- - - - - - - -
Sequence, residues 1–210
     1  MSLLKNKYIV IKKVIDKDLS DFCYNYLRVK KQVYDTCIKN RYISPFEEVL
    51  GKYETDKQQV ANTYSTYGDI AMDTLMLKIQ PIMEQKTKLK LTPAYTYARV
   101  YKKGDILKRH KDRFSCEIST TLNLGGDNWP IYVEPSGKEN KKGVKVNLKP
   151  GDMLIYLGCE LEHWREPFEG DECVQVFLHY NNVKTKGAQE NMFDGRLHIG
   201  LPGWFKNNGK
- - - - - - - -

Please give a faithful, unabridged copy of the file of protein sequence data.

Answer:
Sequence, residues 1–210
     1  MSLLKNKYIV IKKVIDKDLS DFCYNYLRVK KQVYDTCIKN RYISPFEEVL
    51  GKYETDKQQV ANTYSTYGDI AMDTLMLKIQ PIMEQKTKLK LTPAYTYARV
   101  YKKGDILKRH KDRFSCEIST TLNLGGDNWP IYVEPSGKEN KKGVKVNLKP
   151  GDMLIYLGCE LEHWREPFEG DECVQVFLHY NNVKTKGAQE NMFDGRLHIG
   201  LPGWFKNNGK